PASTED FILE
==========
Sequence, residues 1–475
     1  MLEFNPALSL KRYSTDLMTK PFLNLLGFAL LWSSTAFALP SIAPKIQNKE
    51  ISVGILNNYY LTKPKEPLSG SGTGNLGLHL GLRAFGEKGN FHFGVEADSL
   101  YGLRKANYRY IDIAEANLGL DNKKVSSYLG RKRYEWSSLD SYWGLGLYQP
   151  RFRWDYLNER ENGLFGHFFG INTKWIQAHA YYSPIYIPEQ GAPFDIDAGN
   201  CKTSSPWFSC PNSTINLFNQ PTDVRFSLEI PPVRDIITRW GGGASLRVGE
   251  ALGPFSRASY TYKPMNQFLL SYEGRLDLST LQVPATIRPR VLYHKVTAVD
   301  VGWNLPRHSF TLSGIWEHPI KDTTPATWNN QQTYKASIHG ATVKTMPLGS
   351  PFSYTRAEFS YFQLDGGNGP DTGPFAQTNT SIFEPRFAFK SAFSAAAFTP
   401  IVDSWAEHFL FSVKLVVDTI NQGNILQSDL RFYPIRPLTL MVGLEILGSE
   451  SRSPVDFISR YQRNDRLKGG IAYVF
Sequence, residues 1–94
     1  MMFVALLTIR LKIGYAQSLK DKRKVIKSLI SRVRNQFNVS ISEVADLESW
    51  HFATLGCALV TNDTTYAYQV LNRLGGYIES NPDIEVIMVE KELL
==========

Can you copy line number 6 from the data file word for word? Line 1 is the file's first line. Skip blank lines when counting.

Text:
   201  CKTSSPWFSC PNSTINLFNQ PTDVRFSLEI PPVRDIITRW GGGASLRVGE